By Shoaib Hashmi
It has long been known that when
Robert McNamara became Defense Secretary to JFK,
he was able to cut down many of the army's requirements
by a goodly percentage. The Khakis are notorious
shrinking violets where their stuff is concerned,
but they did not make a peek and Bob made a name
for himself. I know part of the secret, and here
He looked closely at army manuals and found, for
instance, that an artillery battery consisted of
the canon and ammunition and five men. The first
man cleaned the gun before firing by pulling a wad
of cotton tied to a cord through the barrel. As
the thing was 'Pulled Through' the barrel, naturally
it came to be named 'Pull-Through'. The Punjabi
version of it is called Phulltroo and you must admit
compared to that the original is a wuss!
The second man poured the powder into the muzzle,
the third put in the lead ball, and the fourth pulled
the lanyard and fired the gun -- and for the life
of them they couldn't find out what the Fifth man
was supposed to do! They asked everyone from privates
to five-star generals and no one could hazard even
a guess. Finally they met up with a veteran of the
Civil War. This war was fought in the mid-nineteenth
century, before the advent of motorized transport,
and of course he knew the answer -- the fifth man
used to Hold the Horses!
That is one instance of the pitfalls of following
ancient instructions blindly. Here at home for instance
there is an act of 1866, which pertains to dramatic
performances on stage, and other live presentations
in general. By then the British colonial masters
were getting a bit wary of the sentiments of the
natives, and they decreed that you couldn't tout
your opinions to the public before first having
them whetted by the Deputy Commissioner.
No copy of the act is known to exist, but the authorities
still blindly invoke it for their own purposes.
If you want to perform Shakespeare's Hamlet on stage,
you cannot until a clerk sitting in a back room
at the office of the DC has read it, and made necessary
cuts and changes. In my time I have had plays by
Ibsen and Brecht disallowed, but I got away with
'No Sex Please, We're British' because I sent them
the original without the title page.
In the Act a stage performance is called a 'Dance-Drama'
and one clerk made that an excuse to censor musical
compositions also. His boss, the DC was shamed out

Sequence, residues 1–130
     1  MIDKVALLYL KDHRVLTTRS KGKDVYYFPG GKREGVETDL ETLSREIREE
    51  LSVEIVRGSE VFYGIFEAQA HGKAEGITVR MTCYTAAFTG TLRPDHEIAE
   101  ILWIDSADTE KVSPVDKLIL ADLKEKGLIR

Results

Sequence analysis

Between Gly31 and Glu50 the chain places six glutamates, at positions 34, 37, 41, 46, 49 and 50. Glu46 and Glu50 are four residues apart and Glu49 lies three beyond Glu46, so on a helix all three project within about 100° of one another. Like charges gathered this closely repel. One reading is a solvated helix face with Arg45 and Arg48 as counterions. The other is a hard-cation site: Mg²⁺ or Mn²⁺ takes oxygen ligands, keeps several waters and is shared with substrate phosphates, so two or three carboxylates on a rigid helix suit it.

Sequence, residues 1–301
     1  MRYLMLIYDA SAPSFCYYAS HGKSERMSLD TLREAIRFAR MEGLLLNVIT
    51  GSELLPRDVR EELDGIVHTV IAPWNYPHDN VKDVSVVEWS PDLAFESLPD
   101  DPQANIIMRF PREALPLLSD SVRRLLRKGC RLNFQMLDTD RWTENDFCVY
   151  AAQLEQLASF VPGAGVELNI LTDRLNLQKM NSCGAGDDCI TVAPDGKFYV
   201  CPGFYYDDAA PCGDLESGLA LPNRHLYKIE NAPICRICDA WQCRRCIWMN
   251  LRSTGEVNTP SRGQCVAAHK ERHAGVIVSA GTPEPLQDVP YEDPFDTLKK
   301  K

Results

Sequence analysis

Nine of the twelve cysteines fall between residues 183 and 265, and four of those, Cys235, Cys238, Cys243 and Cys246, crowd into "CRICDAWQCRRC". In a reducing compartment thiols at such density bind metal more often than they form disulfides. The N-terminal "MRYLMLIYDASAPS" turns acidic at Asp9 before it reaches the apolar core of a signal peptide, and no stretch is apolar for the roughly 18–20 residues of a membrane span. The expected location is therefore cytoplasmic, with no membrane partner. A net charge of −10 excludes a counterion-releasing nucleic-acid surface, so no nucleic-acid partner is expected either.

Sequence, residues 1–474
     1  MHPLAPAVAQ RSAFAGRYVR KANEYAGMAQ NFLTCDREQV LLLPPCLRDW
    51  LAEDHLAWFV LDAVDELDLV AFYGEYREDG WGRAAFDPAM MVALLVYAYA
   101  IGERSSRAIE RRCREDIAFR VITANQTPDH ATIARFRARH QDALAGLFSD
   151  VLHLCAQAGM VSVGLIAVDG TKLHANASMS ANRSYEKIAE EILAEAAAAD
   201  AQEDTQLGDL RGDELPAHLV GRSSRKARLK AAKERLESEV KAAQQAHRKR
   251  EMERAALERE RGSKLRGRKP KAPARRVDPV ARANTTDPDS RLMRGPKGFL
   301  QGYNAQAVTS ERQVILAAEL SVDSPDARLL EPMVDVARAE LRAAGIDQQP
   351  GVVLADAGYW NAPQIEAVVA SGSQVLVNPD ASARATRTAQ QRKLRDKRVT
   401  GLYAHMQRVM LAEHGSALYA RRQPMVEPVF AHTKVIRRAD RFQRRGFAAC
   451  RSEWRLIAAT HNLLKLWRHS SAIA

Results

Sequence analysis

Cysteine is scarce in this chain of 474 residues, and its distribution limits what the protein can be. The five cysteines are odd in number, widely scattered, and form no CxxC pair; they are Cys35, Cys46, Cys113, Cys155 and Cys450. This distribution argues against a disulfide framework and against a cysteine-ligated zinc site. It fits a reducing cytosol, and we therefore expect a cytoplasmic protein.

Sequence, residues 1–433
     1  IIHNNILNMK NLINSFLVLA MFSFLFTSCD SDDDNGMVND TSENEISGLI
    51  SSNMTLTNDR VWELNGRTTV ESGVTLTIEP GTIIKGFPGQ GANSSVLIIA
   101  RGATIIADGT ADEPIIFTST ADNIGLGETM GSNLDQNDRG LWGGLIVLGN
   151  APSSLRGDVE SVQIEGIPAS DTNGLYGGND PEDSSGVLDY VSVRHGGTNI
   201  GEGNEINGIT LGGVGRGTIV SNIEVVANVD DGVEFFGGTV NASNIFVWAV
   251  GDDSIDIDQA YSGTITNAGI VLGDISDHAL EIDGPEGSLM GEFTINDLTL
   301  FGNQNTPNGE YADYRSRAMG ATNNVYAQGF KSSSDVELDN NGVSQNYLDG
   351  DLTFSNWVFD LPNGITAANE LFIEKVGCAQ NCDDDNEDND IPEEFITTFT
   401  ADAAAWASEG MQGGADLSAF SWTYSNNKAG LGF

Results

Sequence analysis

of that quickly because the clerk rejected the first
piece of music that came to him as unsuitable for
impressionable audiences due to 'Too much sax and
violins'! He had trouble with English.
All this was brought to mind because a close friend,
who has grown long in the tooth recently had to
go collect his pension. Before they pay you, they
get you to fill out a form, which is also clearly
a leftover from times long immemorial and is copied
hastily year after year by someone in the press.
The form is called 'Whose left', and underneath
it says, "This certificate is not required
from pensioner of Straits Settlement and Hong Kong
Government"! I wonder what the Chinese will
think if they see one.
Actually it is a reasonable requirement as it asks
the bank officer dishing out the money to certify
that on the date of payment the pensioner is still
alive and well; and in token of that the pensioner
is asked to sign the form in his presence, and also
affix his 'finger and thumb impression'. But then
there is a cryptic proviso which goes on, "The
thumb and finger impression need not be taken in
the case of India Princes, European Ladies ..."!
I guess that means that if you were an Indian Prince,
you'd continue to get your pension even when you
were dead as a dormouse. As Mel Brooks said, "It’s
Good to be King".
In fact there is a further proviso which says: (Editors
please don't change this, I have copied it most
carefully and it is an exact copy):
"If the pensioner is a female not ac- customed
to apper in public or male who is unable to appear
at the trea-sury in consequence of bodily bill ness
osenufirmity, the not should be station in the life"?????